it'd say it's a pretty bad idea to butcher fonts in a typography class. whatever you do, don't deform fonts. ideally you shouldn't be doing this in photoshop, because photoshop sucks at working with type. you'd be a lot better off in indesign or illustrator.
besides that, i'd start by scraping that font and going with a way better serif, something like garamond. a lot of the fonts in the background look bad too, they look like cheesy gimmicky fonts. i'd pick good fonts, established fonts.
thing is, i don't get contrast at all from this. it's not coming across. like i said, the arrangement to me doesn't' say anything about contrast. colors aren't really contrasted. i'm not sure what the little text with in the big text is for. if that's to contrast big type vs small type, that is probably the start of a better idea but it's not executed well. also what does the background add? what about it is contrasting? you have a million fonts going on. what would be the better choice would be for all the background fonts to be sans serif and the main to be serif fonts. there's a contrast.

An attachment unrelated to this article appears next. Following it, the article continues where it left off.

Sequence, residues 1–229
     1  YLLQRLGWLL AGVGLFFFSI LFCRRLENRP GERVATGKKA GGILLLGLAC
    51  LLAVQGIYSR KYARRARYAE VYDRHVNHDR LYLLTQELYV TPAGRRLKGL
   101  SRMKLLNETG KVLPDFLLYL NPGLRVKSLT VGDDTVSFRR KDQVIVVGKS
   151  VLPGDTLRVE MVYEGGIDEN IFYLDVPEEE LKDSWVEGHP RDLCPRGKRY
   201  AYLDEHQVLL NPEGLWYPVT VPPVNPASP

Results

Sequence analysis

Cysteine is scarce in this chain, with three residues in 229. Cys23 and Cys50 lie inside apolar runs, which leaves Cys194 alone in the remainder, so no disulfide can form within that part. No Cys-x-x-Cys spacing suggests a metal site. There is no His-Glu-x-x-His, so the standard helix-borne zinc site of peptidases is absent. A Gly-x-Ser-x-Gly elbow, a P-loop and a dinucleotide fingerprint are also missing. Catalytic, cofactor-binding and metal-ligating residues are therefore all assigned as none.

- size contrast
- sans serif vs serif
- clashing between different font systems based on their classification/time period
- humanist vs modern
- slab serif vs old style
- script vs geometric sans serif
- different font weights
- bold vs italic
- uppercase vs lowercase
then there's color contrast. i would argue that for a typography project, falling back on color as the main contrast element is week and i'd doubt what they are looking for. black and white is more effective, compliments letter forms better, and provides you with the ultimate contrast on it's own.